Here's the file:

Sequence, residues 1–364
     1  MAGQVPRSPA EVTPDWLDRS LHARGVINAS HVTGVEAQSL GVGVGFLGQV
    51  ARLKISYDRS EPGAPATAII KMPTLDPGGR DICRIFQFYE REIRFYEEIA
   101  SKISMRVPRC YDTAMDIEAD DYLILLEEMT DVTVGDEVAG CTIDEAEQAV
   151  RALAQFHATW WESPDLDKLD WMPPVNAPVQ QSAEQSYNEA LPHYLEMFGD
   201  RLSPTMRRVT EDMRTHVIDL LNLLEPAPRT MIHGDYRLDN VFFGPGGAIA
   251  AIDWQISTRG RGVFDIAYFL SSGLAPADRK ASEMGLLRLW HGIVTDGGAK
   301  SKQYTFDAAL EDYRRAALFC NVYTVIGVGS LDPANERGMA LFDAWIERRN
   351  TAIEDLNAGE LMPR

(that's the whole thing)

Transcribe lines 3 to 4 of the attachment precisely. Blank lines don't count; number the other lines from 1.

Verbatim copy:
    51  ARLKISYDRS EPGAPATAII KMPTLDPGGR DICRIFQFYE REIRFYEEIA
   101  SKISMRVPRC YDTAMDIEAD DYLILLEEMT DVTVGDEVAG CTIDEAEQAV